Along with saving countless lives, Covid vaccines have given a welcome boost to value investing, which focuses on stocks trading at cheap valuations relative to the broad market. Assuming a continuing economic recovery, the outlook for value remains favourable, ETF strategists say.
Among the most bullish is Antonio Picca, head of factor-based strategies with Pennsylvania-based Vanguard Group Inc., the parent company of Toronto-based Vanguard Investments Canada Inc.
“There’s a very good opportunity in value because of the fact that valuations remain at historical lows,” Picca said. “I remain bullish on value,” he added, even though the $204-million Vanguard Global Value Factor ETF has already been a big recent winner. It returned 47.3% in the 12 months ended Aug. 31.
The Toronto Stock Exchange-listed Vanguard ETF is a pure value play employing three factors: price to book, price to earnings and price to cash flow. “We really want to reflect what we believe is the consensus in the academic practitioner community around what value is,” Picca said.
The logic behind taking a global approach to value is that just as different regional equity markets will do well at different times, so too will value strategies. “The value premium can show up in different countries at different points in time,” said Picca, adding that the Vanguard global value ETF “allows you to have that extra element of diversification to the value premium.”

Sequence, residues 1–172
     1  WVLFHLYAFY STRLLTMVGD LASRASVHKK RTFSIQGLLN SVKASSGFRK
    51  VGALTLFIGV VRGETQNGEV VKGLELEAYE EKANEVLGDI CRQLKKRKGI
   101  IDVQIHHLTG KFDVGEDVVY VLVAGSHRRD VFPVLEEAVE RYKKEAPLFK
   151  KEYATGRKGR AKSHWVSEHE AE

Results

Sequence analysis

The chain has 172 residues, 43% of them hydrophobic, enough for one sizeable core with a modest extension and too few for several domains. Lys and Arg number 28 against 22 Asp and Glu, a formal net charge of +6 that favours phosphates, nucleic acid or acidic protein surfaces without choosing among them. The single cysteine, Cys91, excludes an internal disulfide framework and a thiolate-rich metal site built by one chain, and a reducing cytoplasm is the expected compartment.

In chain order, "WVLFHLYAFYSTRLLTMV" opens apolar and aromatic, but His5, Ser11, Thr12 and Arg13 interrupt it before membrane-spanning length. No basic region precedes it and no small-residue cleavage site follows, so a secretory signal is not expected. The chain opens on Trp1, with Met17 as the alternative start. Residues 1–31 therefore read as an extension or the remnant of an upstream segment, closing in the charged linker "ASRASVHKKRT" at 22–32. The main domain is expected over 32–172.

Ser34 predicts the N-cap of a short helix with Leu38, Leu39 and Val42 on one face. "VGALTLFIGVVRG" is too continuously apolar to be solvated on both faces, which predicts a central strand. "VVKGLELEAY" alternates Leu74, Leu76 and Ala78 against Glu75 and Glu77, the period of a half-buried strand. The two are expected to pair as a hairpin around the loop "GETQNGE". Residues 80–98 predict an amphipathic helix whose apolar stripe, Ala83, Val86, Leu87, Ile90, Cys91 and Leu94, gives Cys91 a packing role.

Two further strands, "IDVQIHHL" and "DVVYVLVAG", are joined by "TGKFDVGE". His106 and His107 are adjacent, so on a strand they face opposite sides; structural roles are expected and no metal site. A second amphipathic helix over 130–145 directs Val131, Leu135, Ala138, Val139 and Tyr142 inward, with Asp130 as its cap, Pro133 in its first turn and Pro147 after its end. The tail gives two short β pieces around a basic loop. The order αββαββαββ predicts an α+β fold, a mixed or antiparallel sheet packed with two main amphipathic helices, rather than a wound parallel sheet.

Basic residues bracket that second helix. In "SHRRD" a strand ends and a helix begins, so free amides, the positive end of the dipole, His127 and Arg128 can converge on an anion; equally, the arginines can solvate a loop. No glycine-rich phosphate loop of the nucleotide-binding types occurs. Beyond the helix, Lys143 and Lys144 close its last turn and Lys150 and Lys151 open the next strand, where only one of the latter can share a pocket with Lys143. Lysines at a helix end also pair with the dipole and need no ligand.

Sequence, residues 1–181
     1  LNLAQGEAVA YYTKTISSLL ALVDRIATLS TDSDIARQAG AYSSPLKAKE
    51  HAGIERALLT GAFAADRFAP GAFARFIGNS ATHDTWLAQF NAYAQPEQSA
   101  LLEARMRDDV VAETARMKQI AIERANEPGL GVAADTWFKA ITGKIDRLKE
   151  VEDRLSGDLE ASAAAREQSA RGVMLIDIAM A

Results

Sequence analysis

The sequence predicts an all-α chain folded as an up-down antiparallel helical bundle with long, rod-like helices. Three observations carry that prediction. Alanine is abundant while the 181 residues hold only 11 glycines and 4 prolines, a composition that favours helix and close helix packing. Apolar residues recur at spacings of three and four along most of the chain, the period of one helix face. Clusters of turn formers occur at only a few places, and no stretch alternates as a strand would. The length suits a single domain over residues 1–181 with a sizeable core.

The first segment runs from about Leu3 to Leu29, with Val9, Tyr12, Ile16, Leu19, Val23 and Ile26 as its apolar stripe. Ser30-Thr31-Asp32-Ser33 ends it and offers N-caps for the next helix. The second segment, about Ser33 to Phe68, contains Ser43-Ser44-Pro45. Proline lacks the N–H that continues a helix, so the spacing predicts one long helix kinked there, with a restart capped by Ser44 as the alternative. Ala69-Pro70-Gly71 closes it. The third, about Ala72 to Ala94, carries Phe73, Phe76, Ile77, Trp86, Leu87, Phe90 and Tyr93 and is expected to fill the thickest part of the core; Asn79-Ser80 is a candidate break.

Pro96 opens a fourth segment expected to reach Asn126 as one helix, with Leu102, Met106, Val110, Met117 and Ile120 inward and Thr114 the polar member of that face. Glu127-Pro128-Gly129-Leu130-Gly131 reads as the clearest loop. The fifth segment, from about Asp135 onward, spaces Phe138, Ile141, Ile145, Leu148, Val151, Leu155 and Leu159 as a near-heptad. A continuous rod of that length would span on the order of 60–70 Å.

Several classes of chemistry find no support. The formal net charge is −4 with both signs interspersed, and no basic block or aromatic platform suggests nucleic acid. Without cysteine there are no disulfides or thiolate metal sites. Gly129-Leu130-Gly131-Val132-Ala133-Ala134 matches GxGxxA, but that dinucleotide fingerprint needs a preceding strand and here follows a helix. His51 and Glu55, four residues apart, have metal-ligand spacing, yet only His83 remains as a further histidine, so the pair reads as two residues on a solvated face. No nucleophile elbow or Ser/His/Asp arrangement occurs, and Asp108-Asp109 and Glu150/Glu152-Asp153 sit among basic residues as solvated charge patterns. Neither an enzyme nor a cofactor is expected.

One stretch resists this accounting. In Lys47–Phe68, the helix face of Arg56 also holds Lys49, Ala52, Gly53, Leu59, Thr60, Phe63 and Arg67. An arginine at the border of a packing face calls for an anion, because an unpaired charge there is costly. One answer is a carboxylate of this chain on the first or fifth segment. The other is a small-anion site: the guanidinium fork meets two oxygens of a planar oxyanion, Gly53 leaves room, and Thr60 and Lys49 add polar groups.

Over the past 10 years, the value premium has been mostly non-existent. Through July 31, the 8.8% annualized return of the MSCI World Value Index, as measured in U.S. dollars, has lagged well behind the MSCI World Index’s 11.7%. In all but three of the past 10 calendar years, the MSCI value index trailed the broad MSCI index of 23 developed countries.
The turnaround globally for value began late last year with Covid vaccine breakthroughs. This led to renewed optimism for an economic recovery, said Nirujan Kanagasingam, vice-president of ETF strategy with Toronto-based CI Investments Inc.
For the year ended Aug. 31, the CI Morningstar Canada Value Index ETF has returned 39.9%, the CI Morningstar US Value Index ETF (CAD hedged) is up 35.0%, and the CI Morningstar International Value Index ETF (CAD hedged) returned 33.4%. Though based primarily on below-market ratios of price to earnings, price to cash flow, price to book value and price to sales, the methodology means the CI ETFs aren’t pure value plays. The selection process also screens for upward earnings revisions, which is not a value metric.
Kanagasingam said the rebound in value stocks has been driven largely by cyclical sectors such as financial services and energy. “These sectors tend to be more sensitive to the economic cycle and do well when economic growth strengthens, which we saw when the economy started to reopen.”
The move by the G7 countries toward a minimum global tax rate of at least 15% also bodes well for value stocks, according to a June market commentary by Toronto-based Brompton Funds Ltd. That’s because value sectors “tend to have higher tax rates and fewer intangible assets compared to growth sectors.”
Chris Heakes, director and portfolio manager, ETFs, with Toronto-based BMO Asset Management Inc., drew parallels between now and 2009, the post-crash year when value last had an extended period of outperformance.